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Published February 23, 2010, 08:55 AM

The evolving ag economist

FARGO, N.D. — Cole Gustafson grew up on a farm north of Minneapolis and his career path marks the imprint of the shifting of agriculture.

By: Mikkel Pates, Agweek

FARGO, N.D. — Cole Gustafson grew up on a farm north of Minneapolis and his career path marks the imprint of the shifting of agriculture.

Gustafson did his undergraduate University of Minnesota in St. Paul, where he picked up his bachelor’s degree in economics in 1974 and his master’s degree in 1978. Fresh from college, he went to work for USDA in Washington in the Economic Research Service for its farm income section.

From there, he went to the University of Illinois to work on his doctorate.

In the mid-1980s, farmers were in the midst of their credit crisis, and Gustafson wrote his dissertation about when farmers would return to the market to purchase new farm equipment.

“Reliability of their existing equipment and the cost of money rose to the top” of the equation, he recalls.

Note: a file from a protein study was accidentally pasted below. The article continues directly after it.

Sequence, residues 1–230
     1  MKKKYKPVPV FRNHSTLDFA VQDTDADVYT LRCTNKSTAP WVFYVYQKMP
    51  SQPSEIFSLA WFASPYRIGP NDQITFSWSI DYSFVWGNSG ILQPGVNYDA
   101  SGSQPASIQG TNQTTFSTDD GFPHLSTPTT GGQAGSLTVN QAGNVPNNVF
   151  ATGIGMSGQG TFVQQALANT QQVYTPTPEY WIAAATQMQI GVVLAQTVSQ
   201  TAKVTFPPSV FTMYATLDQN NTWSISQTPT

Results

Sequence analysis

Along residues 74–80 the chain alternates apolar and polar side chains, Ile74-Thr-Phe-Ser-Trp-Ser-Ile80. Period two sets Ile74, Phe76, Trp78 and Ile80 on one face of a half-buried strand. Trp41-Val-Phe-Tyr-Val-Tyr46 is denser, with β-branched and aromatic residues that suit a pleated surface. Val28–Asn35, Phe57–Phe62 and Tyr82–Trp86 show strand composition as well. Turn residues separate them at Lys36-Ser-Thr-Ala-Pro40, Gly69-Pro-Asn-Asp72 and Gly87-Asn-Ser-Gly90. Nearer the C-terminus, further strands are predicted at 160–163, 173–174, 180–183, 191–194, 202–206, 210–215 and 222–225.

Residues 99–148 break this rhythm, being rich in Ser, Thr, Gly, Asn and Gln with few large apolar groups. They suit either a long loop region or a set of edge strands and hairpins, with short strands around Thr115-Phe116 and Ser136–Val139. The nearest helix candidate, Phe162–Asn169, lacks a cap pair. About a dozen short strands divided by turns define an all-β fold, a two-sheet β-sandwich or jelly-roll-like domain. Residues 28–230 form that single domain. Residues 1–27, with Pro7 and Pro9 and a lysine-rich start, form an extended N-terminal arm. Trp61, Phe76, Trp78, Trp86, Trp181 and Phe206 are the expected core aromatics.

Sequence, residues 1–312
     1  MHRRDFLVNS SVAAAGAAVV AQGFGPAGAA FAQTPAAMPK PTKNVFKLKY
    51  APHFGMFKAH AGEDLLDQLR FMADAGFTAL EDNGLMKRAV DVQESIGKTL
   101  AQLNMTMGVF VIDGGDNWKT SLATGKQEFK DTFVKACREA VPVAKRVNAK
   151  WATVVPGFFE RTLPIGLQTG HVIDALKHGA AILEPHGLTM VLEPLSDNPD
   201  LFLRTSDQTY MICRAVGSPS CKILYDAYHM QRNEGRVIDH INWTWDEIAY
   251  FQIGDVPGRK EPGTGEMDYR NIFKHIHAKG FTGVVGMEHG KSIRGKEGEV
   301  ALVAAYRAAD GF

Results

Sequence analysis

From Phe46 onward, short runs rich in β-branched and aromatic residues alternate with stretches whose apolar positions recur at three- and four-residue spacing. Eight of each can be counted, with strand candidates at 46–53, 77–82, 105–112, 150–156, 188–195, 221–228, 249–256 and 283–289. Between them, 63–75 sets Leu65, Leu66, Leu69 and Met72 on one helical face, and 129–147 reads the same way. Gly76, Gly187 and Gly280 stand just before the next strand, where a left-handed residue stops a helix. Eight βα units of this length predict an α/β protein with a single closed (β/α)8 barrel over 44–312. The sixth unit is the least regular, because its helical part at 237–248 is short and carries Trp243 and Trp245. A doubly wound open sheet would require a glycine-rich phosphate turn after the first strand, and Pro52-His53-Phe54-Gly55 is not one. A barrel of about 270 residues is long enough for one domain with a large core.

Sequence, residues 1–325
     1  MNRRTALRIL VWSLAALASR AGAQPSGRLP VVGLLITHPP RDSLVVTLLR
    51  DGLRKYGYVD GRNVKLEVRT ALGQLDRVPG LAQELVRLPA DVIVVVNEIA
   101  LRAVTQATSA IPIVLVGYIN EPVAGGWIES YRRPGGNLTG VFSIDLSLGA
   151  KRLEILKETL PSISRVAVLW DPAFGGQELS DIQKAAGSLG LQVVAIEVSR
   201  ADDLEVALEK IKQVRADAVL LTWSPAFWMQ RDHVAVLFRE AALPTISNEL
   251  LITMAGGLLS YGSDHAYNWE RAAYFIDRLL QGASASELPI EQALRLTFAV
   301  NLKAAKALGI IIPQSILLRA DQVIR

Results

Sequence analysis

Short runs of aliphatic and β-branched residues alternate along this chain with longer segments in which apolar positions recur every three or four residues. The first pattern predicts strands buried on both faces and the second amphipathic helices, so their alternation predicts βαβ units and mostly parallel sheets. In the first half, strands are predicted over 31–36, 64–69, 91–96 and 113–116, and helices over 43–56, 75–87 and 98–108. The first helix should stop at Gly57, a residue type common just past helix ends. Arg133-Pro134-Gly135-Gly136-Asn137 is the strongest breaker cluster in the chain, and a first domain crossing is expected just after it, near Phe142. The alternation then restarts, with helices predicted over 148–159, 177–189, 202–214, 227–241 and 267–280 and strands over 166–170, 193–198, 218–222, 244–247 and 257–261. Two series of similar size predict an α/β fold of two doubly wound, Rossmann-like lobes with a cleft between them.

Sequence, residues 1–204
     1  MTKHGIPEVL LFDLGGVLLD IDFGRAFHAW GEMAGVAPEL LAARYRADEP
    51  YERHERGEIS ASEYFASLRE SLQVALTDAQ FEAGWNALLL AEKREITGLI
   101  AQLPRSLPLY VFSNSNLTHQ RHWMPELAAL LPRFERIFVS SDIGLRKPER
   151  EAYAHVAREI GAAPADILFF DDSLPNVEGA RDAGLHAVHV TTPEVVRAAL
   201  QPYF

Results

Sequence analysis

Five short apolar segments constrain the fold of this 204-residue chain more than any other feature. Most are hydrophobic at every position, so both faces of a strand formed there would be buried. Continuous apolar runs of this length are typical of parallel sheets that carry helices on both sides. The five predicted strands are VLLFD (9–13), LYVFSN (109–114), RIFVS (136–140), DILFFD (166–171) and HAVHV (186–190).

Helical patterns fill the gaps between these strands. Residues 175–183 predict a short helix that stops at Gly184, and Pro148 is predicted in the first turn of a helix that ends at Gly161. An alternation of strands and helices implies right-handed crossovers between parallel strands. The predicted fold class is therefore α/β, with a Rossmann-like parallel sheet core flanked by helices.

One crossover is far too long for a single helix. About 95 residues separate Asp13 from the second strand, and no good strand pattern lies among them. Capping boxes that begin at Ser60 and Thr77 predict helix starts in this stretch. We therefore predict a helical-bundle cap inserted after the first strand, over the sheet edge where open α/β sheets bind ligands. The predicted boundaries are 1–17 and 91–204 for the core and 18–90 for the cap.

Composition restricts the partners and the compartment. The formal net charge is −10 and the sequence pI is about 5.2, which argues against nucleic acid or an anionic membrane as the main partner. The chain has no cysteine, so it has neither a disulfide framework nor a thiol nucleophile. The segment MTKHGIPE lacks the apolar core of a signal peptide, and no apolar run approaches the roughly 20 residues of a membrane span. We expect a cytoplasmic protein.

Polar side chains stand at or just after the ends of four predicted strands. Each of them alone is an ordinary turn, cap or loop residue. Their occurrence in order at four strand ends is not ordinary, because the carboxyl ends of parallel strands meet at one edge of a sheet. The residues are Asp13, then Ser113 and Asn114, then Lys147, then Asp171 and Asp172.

In 1986, Gustafson arrived at NDSU, where he started working in agricultural finance, teaching classes and conducting research.

“The farm financial crisis was ebbing,” I was working with producers and lenders, trying to get them through those times, but also developing longer-term plans.”

In 1994 to 1998, Gustafson served as chairman of the agricultural economics department, among other things, working with junior faculty to develop researchable projects and strategic plans for the department. He was associate dean from 1998 to 2001, working with then-Dean Patricia Jensen.

In 2001, he returned to the faculty, again in ag finance, and became involved in renewable energy topics.

“As the industries grew in North Dakota, the Legislature provided opportunity to formally move in that direction,” he says.

In 2007, the Legislature created a biofuels economist post and Gustafson was named to that spot. His appointment is 60 percent extension. Extension is partly funded by federal dollars, and he serves on some federal panels, including the so-called “e-Extension” concept, which would make all Extension Service resources available online.

Did he ever have a plan to go into farming?

Gustafson explains that the home farm was close to the city of Minneapolis, and the land values priced him out of the market.

“I still have a plan, but it hasn’t worked out,” he says with a smile.

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